Is the government protecting us by abusing our privacy?
We’ve so many secrets we do not want to be publicized or revealed. It could bring unwanted reactions when revealed to those we know and know not, but that doesn’t deny the fact that we are entitled to our own secrets and shames.
An online chat conversation:
“Hey Andy, I did something really bad today”
“Babe, what did you do?”
“I stole Mrs. Molly’s necklace, my boss, so I could pay Yvonne’s bail, I feel terrible about this. I’ve never done that before. Can you keep it a secret?”
“Of course, have you ever regretted telling me your secrets?”
Unknown to them, there’s a third eye. Maria thinks the secret is safe with Andy and her. Little does she know of the government sharing in that secret also?
Most times, we see texting our friends and people we love on social media like Facebook, Snap chat, Instagram and the likes as another intimate way of communicating with them; revealing dreadful secrets that really matter to us. Personal online transactions are made because we consider them safe and private.
Edward Joseph Snowden exposed numerous surveillance programs that were run by government-supported agencies like the National Security Agency (NSA) and the Five Eyes Collaboration Alliance working in collaboration with telecommunication companies in 2013.
In July 2014, The Washington Post reported a cache provided by Snowden from the domestic NSA operations consisting of “roughly 160,000 intercepted e-mail and instant message conversations, 7900 documents taken from more than 11,000 online accounts”.
Snowden’s leak demonstrated that American agencies could access phones by tapping the lines to gain information about your whereabouts in the world. He also leaked NSA’s surveillance activities using analytical tolls to track people whose movements intersect and find any hidden connections with persons of interest. So inappropriate!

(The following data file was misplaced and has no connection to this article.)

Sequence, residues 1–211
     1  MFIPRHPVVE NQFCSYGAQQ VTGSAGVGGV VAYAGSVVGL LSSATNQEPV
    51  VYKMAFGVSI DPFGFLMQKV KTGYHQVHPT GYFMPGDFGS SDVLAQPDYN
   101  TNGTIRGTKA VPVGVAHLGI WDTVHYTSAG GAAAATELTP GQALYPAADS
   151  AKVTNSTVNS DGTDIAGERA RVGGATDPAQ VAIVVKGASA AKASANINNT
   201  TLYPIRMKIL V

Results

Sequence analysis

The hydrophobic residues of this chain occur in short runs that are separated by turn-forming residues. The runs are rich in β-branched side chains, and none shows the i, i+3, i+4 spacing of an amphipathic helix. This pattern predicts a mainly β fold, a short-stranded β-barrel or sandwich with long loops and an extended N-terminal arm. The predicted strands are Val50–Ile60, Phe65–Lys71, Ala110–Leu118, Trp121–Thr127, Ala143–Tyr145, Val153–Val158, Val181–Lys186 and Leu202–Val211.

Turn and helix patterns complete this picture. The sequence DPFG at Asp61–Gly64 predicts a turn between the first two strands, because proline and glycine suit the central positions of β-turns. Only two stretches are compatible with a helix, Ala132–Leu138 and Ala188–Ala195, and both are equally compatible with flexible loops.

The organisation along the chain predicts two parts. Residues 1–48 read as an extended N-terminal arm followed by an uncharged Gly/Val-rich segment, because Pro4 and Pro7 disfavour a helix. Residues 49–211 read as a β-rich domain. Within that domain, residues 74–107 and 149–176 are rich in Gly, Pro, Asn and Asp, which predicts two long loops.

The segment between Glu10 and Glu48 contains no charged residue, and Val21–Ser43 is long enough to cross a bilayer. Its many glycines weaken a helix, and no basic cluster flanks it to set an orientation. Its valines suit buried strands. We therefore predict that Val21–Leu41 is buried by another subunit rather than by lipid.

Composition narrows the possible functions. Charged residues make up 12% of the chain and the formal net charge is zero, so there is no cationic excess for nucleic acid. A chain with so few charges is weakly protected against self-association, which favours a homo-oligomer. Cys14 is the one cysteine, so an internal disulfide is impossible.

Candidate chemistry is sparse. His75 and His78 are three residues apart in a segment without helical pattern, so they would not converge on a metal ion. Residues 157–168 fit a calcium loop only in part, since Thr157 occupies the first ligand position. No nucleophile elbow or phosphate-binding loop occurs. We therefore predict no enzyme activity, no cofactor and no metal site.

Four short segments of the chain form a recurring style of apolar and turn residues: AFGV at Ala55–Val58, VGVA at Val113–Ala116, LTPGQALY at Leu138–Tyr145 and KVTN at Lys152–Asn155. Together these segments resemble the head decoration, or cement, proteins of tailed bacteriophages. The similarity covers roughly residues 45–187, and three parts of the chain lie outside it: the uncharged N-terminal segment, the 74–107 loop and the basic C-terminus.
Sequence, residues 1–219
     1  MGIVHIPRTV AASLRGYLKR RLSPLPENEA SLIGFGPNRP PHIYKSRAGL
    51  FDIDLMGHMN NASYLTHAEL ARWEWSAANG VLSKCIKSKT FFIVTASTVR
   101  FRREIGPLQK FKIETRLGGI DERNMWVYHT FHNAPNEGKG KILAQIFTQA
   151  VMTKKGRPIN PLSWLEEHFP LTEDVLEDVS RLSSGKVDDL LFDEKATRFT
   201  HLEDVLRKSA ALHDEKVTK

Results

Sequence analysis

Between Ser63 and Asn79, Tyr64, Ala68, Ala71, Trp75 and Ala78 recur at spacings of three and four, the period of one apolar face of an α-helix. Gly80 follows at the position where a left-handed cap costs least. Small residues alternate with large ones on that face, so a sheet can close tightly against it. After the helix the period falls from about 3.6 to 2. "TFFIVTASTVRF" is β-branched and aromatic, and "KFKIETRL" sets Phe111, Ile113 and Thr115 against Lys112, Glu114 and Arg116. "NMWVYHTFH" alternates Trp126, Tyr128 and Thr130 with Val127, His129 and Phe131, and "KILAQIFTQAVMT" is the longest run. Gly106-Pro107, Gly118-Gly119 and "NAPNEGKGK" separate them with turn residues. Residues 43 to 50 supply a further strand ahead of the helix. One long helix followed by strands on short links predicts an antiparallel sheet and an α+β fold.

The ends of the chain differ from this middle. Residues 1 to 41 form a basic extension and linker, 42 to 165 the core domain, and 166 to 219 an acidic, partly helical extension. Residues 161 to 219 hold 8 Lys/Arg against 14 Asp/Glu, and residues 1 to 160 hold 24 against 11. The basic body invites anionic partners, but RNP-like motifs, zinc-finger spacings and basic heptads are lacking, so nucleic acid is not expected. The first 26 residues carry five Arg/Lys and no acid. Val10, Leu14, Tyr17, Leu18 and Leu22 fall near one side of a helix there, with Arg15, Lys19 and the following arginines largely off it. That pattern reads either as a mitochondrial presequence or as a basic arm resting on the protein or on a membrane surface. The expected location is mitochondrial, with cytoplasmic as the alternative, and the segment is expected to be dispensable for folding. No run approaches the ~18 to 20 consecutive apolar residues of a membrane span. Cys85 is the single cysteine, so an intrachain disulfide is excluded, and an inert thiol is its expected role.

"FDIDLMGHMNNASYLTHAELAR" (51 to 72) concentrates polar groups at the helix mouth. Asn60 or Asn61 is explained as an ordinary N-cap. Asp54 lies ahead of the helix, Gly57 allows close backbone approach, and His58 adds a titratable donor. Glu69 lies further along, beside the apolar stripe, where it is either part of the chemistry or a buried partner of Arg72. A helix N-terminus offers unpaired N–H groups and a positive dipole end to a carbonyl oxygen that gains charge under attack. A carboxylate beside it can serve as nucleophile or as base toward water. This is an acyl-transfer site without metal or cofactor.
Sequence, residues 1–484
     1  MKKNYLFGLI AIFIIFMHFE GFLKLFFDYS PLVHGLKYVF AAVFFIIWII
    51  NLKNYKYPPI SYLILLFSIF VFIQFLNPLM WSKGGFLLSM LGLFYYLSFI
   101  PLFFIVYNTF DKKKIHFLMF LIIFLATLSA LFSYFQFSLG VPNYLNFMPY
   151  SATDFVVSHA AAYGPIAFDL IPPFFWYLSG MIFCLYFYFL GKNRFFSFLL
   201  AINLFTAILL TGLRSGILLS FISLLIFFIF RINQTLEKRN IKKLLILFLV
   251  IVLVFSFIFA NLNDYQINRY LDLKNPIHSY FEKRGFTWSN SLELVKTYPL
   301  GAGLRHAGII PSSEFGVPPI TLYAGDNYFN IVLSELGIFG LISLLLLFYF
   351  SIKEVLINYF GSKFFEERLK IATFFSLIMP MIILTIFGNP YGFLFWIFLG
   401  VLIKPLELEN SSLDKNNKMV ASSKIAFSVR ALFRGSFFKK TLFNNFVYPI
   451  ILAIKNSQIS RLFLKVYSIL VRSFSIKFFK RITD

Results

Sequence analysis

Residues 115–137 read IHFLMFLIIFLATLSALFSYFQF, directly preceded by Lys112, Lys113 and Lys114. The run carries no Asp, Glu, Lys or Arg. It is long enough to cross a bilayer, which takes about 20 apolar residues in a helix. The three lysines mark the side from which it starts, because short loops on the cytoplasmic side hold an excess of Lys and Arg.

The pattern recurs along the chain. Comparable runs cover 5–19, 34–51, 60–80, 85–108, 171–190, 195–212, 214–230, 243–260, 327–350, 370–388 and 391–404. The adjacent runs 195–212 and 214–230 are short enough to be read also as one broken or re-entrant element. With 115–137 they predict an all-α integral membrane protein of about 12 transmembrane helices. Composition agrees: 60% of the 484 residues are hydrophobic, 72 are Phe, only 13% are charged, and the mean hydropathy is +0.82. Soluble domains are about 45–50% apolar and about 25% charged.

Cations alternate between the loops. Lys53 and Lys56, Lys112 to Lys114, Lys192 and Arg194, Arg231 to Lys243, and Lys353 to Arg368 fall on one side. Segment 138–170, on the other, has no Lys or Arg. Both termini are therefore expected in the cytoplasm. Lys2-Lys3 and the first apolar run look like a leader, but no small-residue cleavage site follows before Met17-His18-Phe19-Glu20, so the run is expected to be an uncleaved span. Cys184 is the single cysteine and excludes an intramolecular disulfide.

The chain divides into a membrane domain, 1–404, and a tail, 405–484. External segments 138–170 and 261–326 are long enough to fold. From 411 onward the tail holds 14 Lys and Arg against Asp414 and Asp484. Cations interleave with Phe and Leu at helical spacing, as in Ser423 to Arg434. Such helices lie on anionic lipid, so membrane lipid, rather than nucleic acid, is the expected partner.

With the omnipresent government surveillance involving over 350 million surveillance cameras worldwide and numerous discrete CCTV placed everywhere: the subway, the roadside, institutions, and many other places; Interception of electrically transmitted information (e.g. internet traffic or phone calls) and also the use of unmanned vehicle surveillance like the drone radar, etc. Isn’t it enough to monitor the daily activities of civilians and to catch those who prove as a threat to human lives? Then one would wonder why they go as far as probing into the private lives and violating one of the privacies we’ve asides using the restroom. Do they see that too?
This is an extensive surveillance system creating a world of 1984 by George Orwell. With the omnipresent government surveillance, we can’t have individual thought and freedom of expression. Where the government would have total authority and complete power over our public life, private life and even our thoughts and reasoning aren’t fully defined. That’s an originating world of fear.
“The government could be spying on us, the more we buy stuff, perform business activities and transactions, and surround ourselves with the latest gadgets and all. The more we sell away our freedom”.
Surveillance is not just about monitoring our activities, managing, directing, influencing or tracking: spying on our private matters is involved.
What happens when the government takes our privacy, then they would have absolute power over us which will be repulsive and will cause so many implications like:
1. Emotional and psychological insecurity.
2. More violations of privacy.
3. Abused Rights.
4. Clouded negative thoughts that can cause health issues.
5. Living in fear and hate and so many more.
Is it just for security or something more is intended?